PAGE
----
@Dan: The brewers in Telemark do not use kveik, but the ones in Ål still have traditional yeast. I tried asking one of them where it came from and he almost couldn't answer the question. He was quiet a long time before he said "...from the previous beer?"

As far as we can tell, all of the kveik cultures are "original" in the sense that they all seem to be real, true descendants of the yeast that Norwegian farmers were using 1-2-3-... centuries ago. So it seems they are all as original as anything can be.

Tailor von Schmitt de Martini - 2016-12-26 15:17:30

I can state this for sure, this book is a work of art!

Per Kornhall - 2017-01-16 15:20:54

As I wrote on Facebook. A very good book indeed! Very well written and well researched. I have now also read some of your posts here and I am very impressed! Keep up the good work!

Per

Tim - 2017-01-20 09:22:03

Hi Lars! Great work you’re doing! People here in Germany are talking so much about the Reinheitsgebot and the „tradition“ of brewing while knowledge and diversity in beer styles is getting lost. You marked a couple of places in the western part of Germany in which farmhouse brewing is/was practiced. Couldn’t find any further information on your blog. Looks like somewhere in Westphalia? Would be grateful for any source or information you have. Cheers!

Lars Marius Garshol - 2017-01-20 10:01:55

Thank you, @Tailor, @Per, and @Tim! :)

@Tim: Yes, it's in Westphalia. There must have been a lot more farmhouse brewing in Germany, but I haven't found any sources yet. For Westphalia, see Bäuerliche und handwerkliche Arbeitsgeräte in Westfalen, Hinrich Siuts, Münster, 1982.

Dan - 2017-04-15 16:16:52

Now I've read the book from start til end and I want to thank you for a wonderful and interesting book that I hope will inspire many to start brewing traditional farmhouse beer. I asked about these brewers in Ål further up, could you give me their contact information? I would like to talk with them about how they brew and if I could get som of their yeast. Have their yeast been analyzed? Are you going to write about how they brew? Do you think there could be more traditional brewers in east- Norway that you haven't discovered? I read an article on nrk.no that NTNU wanted to try to revive som ancient yeast from old beer brewing equipment (https://www.nrk.no/trondelag/vil-brygge-ol-pa-300-ar-gammel-gjaer-1.13198887) Do you know if they managed? You don't write anything in your book about how you should store dry traditional yeast, only dry and frozen or fresh. Is it very risky to just keep it dry without freezing it? Many questions there.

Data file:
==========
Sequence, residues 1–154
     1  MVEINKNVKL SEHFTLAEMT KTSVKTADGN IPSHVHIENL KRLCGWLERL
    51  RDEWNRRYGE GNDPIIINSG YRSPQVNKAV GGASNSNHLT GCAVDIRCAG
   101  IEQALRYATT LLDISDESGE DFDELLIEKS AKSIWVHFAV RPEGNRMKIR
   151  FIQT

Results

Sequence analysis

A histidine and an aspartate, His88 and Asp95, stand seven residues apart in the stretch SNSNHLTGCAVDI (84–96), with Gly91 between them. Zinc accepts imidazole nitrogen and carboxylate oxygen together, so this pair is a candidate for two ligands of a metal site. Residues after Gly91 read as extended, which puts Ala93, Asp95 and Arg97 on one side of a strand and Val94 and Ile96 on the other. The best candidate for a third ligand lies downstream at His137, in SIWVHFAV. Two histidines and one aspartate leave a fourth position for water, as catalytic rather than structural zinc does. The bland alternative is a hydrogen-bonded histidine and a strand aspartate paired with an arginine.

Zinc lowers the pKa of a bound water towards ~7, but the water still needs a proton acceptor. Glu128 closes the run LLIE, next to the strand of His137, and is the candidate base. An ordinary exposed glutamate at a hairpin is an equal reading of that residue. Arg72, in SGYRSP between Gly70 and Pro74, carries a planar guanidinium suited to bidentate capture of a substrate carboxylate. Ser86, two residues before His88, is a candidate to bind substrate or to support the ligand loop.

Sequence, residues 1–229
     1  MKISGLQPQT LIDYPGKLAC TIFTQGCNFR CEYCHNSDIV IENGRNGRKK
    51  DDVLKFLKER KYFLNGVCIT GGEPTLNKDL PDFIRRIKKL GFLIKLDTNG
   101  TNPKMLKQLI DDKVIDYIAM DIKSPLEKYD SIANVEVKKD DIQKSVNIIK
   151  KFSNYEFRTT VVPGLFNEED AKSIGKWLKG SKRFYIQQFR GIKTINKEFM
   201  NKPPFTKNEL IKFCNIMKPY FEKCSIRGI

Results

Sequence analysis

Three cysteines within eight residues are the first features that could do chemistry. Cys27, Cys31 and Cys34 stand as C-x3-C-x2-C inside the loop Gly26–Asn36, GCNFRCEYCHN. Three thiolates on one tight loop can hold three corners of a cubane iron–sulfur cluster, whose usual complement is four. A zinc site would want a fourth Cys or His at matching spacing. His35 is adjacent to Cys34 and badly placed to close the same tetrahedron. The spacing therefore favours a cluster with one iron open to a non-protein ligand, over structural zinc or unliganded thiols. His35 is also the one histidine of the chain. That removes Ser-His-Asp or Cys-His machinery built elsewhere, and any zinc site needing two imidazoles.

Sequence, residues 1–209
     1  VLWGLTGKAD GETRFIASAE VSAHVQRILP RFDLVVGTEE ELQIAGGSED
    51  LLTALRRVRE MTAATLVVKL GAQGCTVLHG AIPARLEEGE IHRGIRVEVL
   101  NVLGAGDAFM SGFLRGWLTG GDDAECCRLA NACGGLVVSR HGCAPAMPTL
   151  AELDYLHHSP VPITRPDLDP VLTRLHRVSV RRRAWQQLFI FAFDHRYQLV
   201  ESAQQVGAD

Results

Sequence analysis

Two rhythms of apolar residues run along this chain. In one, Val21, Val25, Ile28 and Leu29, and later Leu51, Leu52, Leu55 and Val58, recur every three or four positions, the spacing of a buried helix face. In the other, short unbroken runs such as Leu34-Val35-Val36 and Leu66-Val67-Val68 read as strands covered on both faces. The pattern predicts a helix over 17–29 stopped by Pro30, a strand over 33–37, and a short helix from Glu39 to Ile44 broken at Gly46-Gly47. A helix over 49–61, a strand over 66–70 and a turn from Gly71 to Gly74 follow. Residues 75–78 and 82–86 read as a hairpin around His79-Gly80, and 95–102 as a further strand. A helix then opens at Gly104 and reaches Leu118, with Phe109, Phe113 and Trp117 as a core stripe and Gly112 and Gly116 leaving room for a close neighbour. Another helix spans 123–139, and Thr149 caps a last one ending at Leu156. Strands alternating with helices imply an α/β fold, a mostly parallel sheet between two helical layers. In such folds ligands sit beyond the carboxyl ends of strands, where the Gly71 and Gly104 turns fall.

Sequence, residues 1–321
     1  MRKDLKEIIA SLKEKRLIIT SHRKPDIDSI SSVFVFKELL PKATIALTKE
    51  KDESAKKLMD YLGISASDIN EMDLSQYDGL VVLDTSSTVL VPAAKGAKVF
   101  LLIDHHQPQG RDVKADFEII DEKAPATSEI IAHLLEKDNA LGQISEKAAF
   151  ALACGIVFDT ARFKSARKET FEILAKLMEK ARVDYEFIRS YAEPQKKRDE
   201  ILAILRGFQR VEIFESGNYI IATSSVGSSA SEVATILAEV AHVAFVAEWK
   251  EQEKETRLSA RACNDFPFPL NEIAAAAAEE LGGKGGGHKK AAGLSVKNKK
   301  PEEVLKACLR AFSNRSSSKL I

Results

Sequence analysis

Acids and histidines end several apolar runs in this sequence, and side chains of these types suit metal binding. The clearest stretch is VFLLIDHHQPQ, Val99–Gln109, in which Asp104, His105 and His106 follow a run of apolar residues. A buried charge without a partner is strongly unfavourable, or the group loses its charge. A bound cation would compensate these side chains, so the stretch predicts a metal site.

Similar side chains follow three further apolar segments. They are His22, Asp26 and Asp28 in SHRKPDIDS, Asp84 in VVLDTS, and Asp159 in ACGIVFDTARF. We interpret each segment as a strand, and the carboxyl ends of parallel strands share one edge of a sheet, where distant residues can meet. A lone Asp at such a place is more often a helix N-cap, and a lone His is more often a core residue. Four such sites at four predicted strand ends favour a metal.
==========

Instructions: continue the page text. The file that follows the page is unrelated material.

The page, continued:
Lars Marius Garshol - 2017-04-15 16:30:32

@Dan: Thank you! Let's try to go through these questions one by one.

I don't really know how keen these brewers in Ål are on being contacted by outsiders. I will brew with one of them next time they brew, in December. I'll see if they are OK with people contacting them then.

As for how they brew: basically they do an infusion mash, then heat the mash in the kettle until it nearly boils (1-2 hours). Then transfer to the strainer, and run off. Boil the wort 5-10 minutes. They boiled the hops in 10-15 liters of the wort (total 70-80 liters). Cool to 35-37C, then pitch the "gong". I'll publish a more careful description later.

They have sent their yeast to NTNU. I don't actually have any. I visited one of them, but didn't dare ask him. I'll try to get some either from NTNU or directly from them in December. Anyway, once I get permission from the brewers I'll share this yeast the same way as the others (via the "Kveik" group on Facebook).

Yes, there could be more brewers in eastern Norway that we don't know about. People have been searching in many areas, but we missed these guys, and we could definitely be missing more.

I know NTNU did successfully get growth from some of their samples, but what we don't know is whether what grew up was contamination or the original kveik. I hope we can find that out later on.

It's not really risky to keep dry yeast in a plastic box or a plastic bag. There's a slight risk of mould growing on it, but once it's dried properly you should be safe. The freezer is far and away the best, though. We've had yeasts come alive again as if they were new after 20 years in the freezer.